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  Today Online 7 Feb 07
Whale on our plates? how?
Letter from Wee leng leng

My family was dining at a restaurant at Shaw Tower when we saw that whale meat was offered on its gourmet menu.

The Agri-Food & Veterinary Authority of Singapore's website reveals that Singapore is one of the signatories to the Convention on International Trade in Endangered Species (Cites) of Wild Fauna and Flora, which prohibits the trade in whale species, such as the sperm whale, bottle-nosed whale, grey whale, Humpback whales, etc (Appendix I).

So, how did the protected whale end up as sashimi on our plates?

Even if certain whales were allowed to be traded (Appendix II), how do we ascertain none of the endangered species slip through the scientific cracks to be served as exotic food?

Singaporeans have neither tradition nor scientifically proved facts to support this acquired taste for whale meat.

It is ironic that we, as a Cites signatory, have easy access to the endangered and/or protected species via our restaurants' kitchens.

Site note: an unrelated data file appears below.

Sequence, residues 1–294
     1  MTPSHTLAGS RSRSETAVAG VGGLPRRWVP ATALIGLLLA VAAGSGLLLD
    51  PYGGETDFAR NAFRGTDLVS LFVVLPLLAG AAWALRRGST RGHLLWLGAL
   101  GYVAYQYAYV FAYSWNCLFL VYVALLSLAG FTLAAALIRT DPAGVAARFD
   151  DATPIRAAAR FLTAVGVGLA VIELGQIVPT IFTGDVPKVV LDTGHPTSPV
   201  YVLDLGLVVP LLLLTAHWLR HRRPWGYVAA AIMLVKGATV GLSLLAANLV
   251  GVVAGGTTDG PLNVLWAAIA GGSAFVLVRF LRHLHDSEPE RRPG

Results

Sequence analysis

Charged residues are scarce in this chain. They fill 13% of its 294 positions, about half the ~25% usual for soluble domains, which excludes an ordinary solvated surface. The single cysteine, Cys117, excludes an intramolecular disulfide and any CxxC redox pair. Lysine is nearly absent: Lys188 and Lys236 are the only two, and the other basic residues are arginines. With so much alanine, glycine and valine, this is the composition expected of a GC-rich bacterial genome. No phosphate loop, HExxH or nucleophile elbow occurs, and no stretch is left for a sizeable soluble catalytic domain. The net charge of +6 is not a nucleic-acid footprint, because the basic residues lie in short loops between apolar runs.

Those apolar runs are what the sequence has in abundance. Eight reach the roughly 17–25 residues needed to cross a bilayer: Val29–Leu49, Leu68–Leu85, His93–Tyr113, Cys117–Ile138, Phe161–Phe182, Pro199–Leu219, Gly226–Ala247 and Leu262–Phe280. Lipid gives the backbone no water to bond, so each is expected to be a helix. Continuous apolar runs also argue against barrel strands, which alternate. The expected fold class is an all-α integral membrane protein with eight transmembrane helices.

Today Online 10 Feb 07
Whale on your plate? Tell AVA
Letter from Goh Shih Yong Assistant Director, Corporate Communications, for Chief Executive Officer, Agri-Food and Veterinary Authority (AVA), Ministry of National Development

I refer to the letter, "Whale on our plates how?" (Feb 7) by Ms Wee Leng Leng. We thank Ms Wee for her feedback.

All species of whale are protected under the Convention on International Trade in Endangered Species of Wild Fauna and Flora. Under Singapore's Endangered Species (Import and Export) Act, anyone who wishes to import or export whales, including their parts and derivatives such as whale meat, must obtain a permit from the AVA.

To date, the AVA has not allowed any import of whale meat for human consumption.

Following Ms Wee's feedback, the AVA immediately checked the restaurants at Shaw Tower and Shaw Centre but did not find any whale meat being sold.

We wish to remind the public that under the Endangered Species Act, any person who possesses, sells, offers or advertises for sale any illegal whale meat or products is committing an offence and may be fined up to $50,000 for every scheduled species (not exceeding $500,000 in total) and/or to imprisonment for a term not exceeding two years.

The AVA urges anyone with information on the illegal trade of whale meat to call us at 6227 0670.

We will not hesitate to take action against any person or company who violates the Endangered Species Act.

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